Wednesday, July 22, 2009

Vinyl Impressions

Creating custom action figures can be exhilarating or exasperating. Some come together quickly with relative ease; others can take months or years with many fits and starts. The biggest problem comes when you take on more of a challenge than you are prepared to face.

By the winter of 2004, I had several customs under my belt and was eager to expand my horizons. For Christmas, I had made a custom figure of my brother wearing fisherman's gear. I even built a diorama of a wooded lakeside to showcase the figure. Although challenging, the whole project went relatively smoothly, so I convinced myself that I could make a figure of just about anyone. Around this time, my friend Jim Six had talked about how he thought it would be cool to have an action figure in his image. Our friend Kate even found someone online who made custom action figures from people's photographs, but the cost was pretty dear. Feeling rather expansive, I quietly set about to make a Jim Six action figure and spring it on everyone as a surprise once it was completed.

One thing that gave me confidence in the project was that Jim has such a distinctive look. He has a shaved head, sports a graying beard or goatee, wears glasses, and is prone to wear Hawaiian shirts and those khaki vests with all the pockets on them. He also has very specific interests such as writing and playing music on guitar, collecting knifes, and taking photos both professionally and as a hobby. All these elements formed the direction for the project.

Trouble was, where do I get a figure that looks like Jim? Facial hair can be painted on, but most action figures are not bald, and even if I found one that was, the facial features had to be correct. Many customizers make headsculpts from polyvinyl clay, but I was not that advanced. It was a quandary until one day, I was flipping through my Cotswold Collectibles catalog and spotted these figures by DiD. They were edgy looking guys wearing hip-hop clothes and one was bald with a goatee. I thought, "If I put glasses on him and painted his beard gray, he would look just like Jim!" I was off to the races.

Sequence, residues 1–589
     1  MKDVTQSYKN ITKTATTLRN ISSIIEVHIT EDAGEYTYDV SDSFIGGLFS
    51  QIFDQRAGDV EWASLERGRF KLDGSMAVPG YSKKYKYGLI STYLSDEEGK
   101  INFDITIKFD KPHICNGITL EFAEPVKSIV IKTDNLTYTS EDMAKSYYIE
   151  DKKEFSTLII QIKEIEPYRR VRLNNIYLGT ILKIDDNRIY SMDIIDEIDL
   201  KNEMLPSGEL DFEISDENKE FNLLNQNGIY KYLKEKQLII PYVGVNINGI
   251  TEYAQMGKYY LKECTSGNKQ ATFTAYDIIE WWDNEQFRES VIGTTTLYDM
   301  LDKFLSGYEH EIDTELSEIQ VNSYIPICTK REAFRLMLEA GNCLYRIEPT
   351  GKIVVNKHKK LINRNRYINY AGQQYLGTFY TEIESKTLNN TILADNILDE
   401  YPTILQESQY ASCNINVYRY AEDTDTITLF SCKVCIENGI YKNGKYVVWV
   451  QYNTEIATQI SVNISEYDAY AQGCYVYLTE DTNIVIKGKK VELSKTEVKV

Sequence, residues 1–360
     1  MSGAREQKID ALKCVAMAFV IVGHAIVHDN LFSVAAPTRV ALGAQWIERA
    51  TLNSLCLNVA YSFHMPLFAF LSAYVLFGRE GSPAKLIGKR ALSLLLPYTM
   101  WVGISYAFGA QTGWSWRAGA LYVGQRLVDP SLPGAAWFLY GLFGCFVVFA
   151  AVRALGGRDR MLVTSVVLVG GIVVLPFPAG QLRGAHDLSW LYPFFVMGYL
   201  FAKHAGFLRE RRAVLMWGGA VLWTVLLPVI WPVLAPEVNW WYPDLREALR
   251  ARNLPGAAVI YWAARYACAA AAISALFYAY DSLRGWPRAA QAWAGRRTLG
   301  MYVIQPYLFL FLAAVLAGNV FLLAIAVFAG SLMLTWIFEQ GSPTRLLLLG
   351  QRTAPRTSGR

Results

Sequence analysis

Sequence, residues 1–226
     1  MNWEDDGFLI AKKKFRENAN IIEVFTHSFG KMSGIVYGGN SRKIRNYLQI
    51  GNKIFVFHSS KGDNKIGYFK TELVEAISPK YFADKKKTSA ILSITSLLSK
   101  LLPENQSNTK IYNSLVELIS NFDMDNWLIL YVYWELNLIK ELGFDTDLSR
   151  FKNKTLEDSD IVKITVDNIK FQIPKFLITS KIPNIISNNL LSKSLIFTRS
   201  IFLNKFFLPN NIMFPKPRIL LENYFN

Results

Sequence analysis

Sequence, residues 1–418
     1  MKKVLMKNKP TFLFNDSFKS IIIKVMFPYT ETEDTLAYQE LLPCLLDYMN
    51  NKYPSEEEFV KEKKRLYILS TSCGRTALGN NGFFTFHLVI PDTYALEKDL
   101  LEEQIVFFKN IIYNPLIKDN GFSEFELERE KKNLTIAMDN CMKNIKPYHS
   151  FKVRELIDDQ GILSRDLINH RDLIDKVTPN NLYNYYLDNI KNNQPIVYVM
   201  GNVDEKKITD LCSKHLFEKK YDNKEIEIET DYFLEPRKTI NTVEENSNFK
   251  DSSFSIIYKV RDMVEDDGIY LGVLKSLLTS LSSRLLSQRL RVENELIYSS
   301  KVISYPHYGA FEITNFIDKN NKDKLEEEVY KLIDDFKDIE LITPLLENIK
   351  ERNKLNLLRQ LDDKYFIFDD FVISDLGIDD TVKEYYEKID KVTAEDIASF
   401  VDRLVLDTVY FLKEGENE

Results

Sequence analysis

Or at least, I was off. The figure came with blue jeans and sneakers, which were perfect for the custom, but I needed to clothe the upper part. I already had a khaki vest left over from my brother's fisherman custom, but I needed a Hawaiian shirt. Not just any Hawaiian shirt, but one that looked like something Jim would wear. Most of the shirts I found on eBay were made for Ken dolls and looked a bit...well, alternative lifestyle, let's say. Not anything I could see Jim wearing. After months of combing eBay, I found a huge lot of Ken clothes with three Hawaiian shirts which were truly exceptional. One in particular was perfect. I bid like crazy on that lot and thought I had it locked down when some woman sniped me at the last second. I was crestfallen, but I wasn't going to give up that easily. I e-mailed the winner and diplomatically asked her if she would be willing to part with those three shirts from the collection. I offered her half what she had paid for the entire lot, and she agreed, thankfully. It turned out, she was bidding on the lot to acquire just a few specific pieces from it herself. Within a couple of weeks, I had those Hawaiian shirts in hand.

Okay, with the figure clothed, the next step was developing the accessories. The eyeglasses were no problem since I had accumulated several different styles from my various action figure purchases. Since Jim was a newspaper man, I included a pencil and notepad that I already had in my stores along with various knives which I had gained from purchasing countless military figures. The guitar was a challenge. I wanted an acoustic guitar like the one Jim owned. While there were plenty of 1/6th scale electric guitars around, I couldn't for the life of me find an acoustic one. Then, just like with the shirts, an acoustic guitar surfaced on eBay amid another big lot of Barbie and Ken stuff. This time I would not be sniped, but I was beginning to wonder what I was going to do with all these pink high-heeled shoes and yellow make-up kits.